Spanish Art & Architecture: Juxtaposition in Surrealist Works

The classroom setup was a bit unexpected yesterday, but seemed to work well with our small group of nine. We worked through several of Salvador Dali’s paintings and guessed their true meanings, all of which involved time in its many facets.

When speaking about the influence of the surrealist movement, we were able to identify the Cubists as key contributors who began by breaking up the space between what is real and what is imagined. With the popularity of Freudian psychology, surrealism had a good shot at becoming the new fad in art and literature during the early to mid-twentieth century. We used the idea of creating an image or words through ghost writing — a combination of contour and blind contour lines in which our pencils do not lift from the page — to understand our unconscious thoughts.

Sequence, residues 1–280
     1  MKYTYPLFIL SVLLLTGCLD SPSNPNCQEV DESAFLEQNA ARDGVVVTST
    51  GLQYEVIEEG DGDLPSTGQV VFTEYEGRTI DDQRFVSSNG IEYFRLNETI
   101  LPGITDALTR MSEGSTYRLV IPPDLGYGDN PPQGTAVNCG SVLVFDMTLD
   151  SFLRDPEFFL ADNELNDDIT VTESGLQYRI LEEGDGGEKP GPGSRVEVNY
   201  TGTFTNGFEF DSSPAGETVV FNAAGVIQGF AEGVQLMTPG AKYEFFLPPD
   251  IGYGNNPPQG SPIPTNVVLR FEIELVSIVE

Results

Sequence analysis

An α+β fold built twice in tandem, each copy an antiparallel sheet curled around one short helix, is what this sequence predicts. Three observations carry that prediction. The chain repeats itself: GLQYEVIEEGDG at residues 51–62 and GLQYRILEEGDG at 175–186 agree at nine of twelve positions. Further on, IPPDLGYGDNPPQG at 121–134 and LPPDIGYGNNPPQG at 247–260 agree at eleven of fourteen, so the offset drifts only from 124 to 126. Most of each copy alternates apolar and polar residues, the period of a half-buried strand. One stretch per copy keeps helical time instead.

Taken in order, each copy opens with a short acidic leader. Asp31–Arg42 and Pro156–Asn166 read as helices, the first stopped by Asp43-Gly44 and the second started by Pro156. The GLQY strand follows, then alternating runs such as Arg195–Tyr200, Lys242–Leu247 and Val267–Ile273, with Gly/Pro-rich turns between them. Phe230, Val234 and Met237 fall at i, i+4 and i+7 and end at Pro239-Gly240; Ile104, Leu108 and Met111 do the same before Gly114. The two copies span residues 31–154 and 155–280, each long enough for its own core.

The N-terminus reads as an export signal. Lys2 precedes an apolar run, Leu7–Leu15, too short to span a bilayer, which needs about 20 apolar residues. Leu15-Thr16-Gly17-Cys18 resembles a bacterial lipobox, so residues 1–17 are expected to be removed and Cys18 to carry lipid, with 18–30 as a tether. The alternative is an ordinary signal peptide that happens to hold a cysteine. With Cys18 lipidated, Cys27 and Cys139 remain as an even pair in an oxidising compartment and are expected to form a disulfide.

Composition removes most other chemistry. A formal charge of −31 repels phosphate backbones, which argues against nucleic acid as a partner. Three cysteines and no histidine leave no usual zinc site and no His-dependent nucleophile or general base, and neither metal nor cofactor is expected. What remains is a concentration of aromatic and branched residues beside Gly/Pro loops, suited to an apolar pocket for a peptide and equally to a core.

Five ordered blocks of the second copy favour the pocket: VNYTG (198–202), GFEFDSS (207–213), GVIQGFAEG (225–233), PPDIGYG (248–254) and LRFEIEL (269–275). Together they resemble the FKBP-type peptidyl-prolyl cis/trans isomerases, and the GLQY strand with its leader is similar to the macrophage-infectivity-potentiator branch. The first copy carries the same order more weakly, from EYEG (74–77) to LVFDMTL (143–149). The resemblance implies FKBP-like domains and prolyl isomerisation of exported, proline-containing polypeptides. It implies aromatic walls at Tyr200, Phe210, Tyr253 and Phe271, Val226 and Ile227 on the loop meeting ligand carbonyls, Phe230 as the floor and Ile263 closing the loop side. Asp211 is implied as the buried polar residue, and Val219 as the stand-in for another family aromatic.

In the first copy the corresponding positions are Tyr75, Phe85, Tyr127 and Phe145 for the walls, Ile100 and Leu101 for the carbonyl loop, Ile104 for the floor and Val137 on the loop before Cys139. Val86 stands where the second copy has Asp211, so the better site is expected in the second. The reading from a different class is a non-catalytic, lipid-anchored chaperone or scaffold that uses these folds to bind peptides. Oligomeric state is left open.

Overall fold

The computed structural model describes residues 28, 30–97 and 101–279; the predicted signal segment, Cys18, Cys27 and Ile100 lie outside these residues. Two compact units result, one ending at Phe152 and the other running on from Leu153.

Juxtaposition means to place side-by-side two or more objects or concepts that normally would not relate to one another. We played with the idea of juxtaposing our thoughts by creating three unique group poems which we are still trying to make sense of.